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When a Robot Can Love – Blade Runner as a Cautionary Tale on Law and Technology

  • Shulamit Almog
Chapter
Part of the Ius Gentium: Comparative Perspectives on Law and Justice book series (IUSGENT, volume 25)

Abstract

This paper examines Ridley Scot’s 1982 film Blade Runner as a cautionary tale relating to the role of law in a technology augmented environment. Blade Runner presents a regime that uses law first in order to create beings with superior abilities and pre-determined longevity, and then to define them as non-human or non-beings, devoid of legal personhood, and thus exploitable. Blade Runner, alongside other cultural representations created within the science fiction genre, serves as illustration of a society that brings together technology and law, in order to maintain unaccountable and arbitrary employment of authorized power. It provides a warning against uninhibited use of technology in order to crate genetic inferiority, and calls for careful scrutiny of the overt and covert functions of law, as new technologies gradually become available.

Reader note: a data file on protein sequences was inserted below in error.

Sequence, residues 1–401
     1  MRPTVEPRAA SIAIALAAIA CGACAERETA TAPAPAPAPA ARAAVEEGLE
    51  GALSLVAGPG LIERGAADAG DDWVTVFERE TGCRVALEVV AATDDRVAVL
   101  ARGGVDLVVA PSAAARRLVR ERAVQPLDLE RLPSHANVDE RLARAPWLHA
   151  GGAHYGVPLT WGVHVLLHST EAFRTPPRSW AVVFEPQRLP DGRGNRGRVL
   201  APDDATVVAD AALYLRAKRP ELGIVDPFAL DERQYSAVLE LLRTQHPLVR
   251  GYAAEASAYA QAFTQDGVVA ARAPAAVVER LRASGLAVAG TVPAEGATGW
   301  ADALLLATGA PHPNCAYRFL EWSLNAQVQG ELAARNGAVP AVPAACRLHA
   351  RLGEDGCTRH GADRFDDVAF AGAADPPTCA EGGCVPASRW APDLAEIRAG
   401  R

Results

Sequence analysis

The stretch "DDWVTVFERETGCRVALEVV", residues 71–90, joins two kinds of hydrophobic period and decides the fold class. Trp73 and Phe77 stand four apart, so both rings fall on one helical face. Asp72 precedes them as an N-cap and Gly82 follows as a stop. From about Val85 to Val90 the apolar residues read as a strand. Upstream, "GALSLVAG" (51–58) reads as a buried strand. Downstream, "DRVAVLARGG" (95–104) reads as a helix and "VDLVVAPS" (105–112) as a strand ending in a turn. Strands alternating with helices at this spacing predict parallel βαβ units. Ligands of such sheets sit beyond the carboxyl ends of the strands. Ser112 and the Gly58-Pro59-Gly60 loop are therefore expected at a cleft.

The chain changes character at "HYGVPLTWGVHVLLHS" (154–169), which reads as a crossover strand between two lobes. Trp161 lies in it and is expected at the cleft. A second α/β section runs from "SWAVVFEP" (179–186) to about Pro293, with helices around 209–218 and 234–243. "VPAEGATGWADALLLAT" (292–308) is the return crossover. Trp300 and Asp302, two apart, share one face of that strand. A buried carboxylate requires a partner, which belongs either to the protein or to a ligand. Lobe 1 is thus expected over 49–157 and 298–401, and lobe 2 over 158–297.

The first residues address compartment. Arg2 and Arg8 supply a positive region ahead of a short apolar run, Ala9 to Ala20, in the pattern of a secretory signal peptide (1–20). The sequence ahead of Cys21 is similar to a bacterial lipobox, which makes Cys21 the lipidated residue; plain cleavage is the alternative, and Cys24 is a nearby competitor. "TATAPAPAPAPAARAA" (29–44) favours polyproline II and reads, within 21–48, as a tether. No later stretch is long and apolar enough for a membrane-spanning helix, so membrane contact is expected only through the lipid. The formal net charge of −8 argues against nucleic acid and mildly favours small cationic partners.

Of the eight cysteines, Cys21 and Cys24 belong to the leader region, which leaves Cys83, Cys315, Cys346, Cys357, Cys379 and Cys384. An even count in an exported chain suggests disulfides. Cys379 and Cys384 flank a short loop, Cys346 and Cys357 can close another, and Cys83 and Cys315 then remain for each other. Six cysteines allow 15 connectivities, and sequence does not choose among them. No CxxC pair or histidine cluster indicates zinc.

Keywords

Science Fiction Legal Personhood Social Meaning Artificial Creation Cautionary Tale 
These keywords were added by machine and not by the authors. This process is experimental and the keywords may be updated as the learning algorithm improves.

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Copyright information

© Springer Science+Business Media Dordrecht. 2013

Authors and Affiliations

  1. 1.Faculty of LawUniversity of HaifaHaifaIsrael

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